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Westar settlement would raise rates $5 to $7 a month

Most of Westar’s requested rate increase is to pay for required environmental upgrades at the La Cygne coal power plant and the cost of extending the life of the Wolf Creek nuclear power plant in Coffey County.
Most of Westar’s requested rate increase is to pay for required environmental upgrades at the La Cygne coal power plant and the cost of extending the life of the Wolf Creek nuclear power plant in Coffey County. AP

State officials and consumer advocates have reached accord with Westar Energy to raise the company’s electric rates by about $78 million, roughly half what Westar initially requested when it filed for rate review in March.

The new rates will represent approximately a 5.3 percent increase in monthly bills for residential customers, about $5 to $7 a month on average, state and company officials projected.

Westar withdrew proposed extra charges for customers who install solar energy panels on their homes. That will be taken up in a separate case by the Kansas Corporation Commission, which regulates electric rates.

Westar and the other parties to the case announced the agreement Thursday, four days after they embarked on settlement talks – breakneck speed as utility rate cases go.

“There wasn’t a lot of time (for settlement talks), so everybody got in there and worked really hard to find an agreement,” said Westar spokeswoman Gina Penzig.

“It’s a good deal,” said David Springe, chief consumer counsel for the Citizens Utility Ratepayer Board, the state agency that represents residential and small-business utility customers. “As opposed to $152 million, the settlement is $78 million. That’s considerably less.”

Also, $5 million of the increase is a set-aside for Westar workers’ pensions and could come back to customers if the company’s pension investment funds perform well, Springe said.

Much of the Westar increase is to pay the company back for the cost of environmental improvements to the La Cygne coal power plant and modifications to extend the life of the Wolf Creek nuclear plant at Burlington.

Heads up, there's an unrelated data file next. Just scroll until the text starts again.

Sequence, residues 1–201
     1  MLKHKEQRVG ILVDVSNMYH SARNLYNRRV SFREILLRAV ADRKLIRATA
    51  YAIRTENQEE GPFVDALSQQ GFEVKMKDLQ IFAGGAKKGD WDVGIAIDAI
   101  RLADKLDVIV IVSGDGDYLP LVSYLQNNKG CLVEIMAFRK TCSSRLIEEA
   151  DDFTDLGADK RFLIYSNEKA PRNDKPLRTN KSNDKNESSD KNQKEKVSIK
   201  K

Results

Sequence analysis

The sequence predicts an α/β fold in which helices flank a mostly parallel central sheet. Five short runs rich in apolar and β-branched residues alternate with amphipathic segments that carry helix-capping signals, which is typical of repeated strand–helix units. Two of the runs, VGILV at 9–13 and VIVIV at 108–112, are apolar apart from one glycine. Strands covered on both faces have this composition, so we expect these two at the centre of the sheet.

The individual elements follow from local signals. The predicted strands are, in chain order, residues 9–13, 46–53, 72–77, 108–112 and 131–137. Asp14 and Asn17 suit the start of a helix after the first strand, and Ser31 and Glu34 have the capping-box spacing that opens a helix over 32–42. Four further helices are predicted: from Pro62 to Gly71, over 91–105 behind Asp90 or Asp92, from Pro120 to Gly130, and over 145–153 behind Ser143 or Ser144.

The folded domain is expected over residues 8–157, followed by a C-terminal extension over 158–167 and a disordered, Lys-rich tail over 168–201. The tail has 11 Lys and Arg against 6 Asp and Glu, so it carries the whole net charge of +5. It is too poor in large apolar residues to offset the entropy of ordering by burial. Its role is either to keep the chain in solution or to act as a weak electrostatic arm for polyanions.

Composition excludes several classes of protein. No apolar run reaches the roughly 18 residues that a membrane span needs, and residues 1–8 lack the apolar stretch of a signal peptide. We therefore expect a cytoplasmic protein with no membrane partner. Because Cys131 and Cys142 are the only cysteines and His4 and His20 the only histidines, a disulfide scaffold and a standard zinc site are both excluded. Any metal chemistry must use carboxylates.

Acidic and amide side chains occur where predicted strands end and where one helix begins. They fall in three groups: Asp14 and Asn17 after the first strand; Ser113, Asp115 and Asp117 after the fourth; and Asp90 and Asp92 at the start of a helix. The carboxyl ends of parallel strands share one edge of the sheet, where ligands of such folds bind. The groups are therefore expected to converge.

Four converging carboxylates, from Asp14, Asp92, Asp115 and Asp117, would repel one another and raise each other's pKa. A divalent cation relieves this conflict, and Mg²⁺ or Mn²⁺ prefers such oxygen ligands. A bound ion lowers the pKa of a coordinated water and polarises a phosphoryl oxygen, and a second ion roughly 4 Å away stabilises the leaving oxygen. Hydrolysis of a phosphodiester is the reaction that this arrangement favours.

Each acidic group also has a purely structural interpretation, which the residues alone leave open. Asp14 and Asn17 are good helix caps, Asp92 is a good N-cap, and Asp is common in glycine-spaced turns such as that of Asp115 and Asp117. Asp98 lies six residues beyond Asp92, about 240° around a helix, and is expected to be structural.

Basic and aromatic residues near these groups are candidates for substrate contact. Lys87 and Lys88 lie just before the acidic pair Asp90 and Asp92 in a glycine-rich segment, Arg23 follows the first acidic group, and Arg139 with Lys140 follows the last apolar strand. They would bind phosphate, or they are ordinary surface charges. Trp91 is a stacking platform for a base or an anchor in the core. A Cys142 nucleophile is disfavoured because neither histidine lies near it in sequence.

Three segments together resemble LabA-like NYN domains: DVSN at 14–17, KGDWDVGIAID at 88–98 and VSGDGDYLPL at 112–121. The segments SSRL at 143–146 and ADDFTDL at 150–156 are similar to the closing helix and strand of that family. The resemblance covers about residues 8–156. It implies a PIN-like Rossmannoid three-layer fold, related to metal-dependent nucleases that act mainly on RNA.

The settlement does not specify a rate of profit return for Westar’s stockholders. However, Springe said it calculates out to about 9.35 percent, substantially less than the 10 percent Westar initially requested.

Other key parts of the settlement include:

▪ Raising the standard monthly service charge from $12 to $14.50 a month. That charge will stay in place until the conclusion of Westar’s next rate case, which is likely three to 3 1/2 years away. Westar had initially asked to raise the customer charge $5 a month per year, to $27 beginning in the fourth year and continuing after that.

▪ Westar withdrew a request for a $217 million, five-year plan to upgrade its energy delivery system. Instead, the company will get a pool of $50 million for distribution upgrades.

▪ Westar will eliminate the monthly bill charge for recovering environmental costs. Environmental upgrades will now be built into the regular rates.

▪ Westar will reduce the cost for wind power subscription by 75 percent, so customers who want to purchase 100 percent of their power from that renewable energy source will be able to do so for as little as $2 a month extra.

▪ Westar will start a program to build a solar energy plant and sell subscription power to customers who want to participate in solar generation but can’t or don’t want to put panels on their home.

Solar energy has been a point of contention throughout the rate case, and the settlement doesn’t settle that. Customers who use solar panels are also connected to the Westar system so they have electricity when the sun isn’t shining.

The company argued that solar customers should have to pay a higher monthly charge to carry their fair share of the fixed costs of running the power system because they spend much less on Westar power than the average consumer.

Solar advocates and industry representatives countered that the increased charges were unjustified and would strangle the rapidly growing home-solar industry.

Under the settlement, that becomes an argument for another day. The pact envisions opening a separate solar-only docket to examine what, if any, extra charges solar customers should pay.

Solar customers will continue to pay the regular residential rates until that proceeding is finished, Springe said.

Solar-power advocates were allowed only a limited role in the Westar rate case and weren’t allowed to participate in the settlement talks, Springe said. As a result, they are the only parties that haven’t agreed to the settlement, he said.

The commission, which has the final say on Westar’s rates, has until late October to issue an order accepting or rejecting the settlement between the parties.

Reach Dion Lefler at 316-268-6527 or dlefler@wichitaeagle.com.

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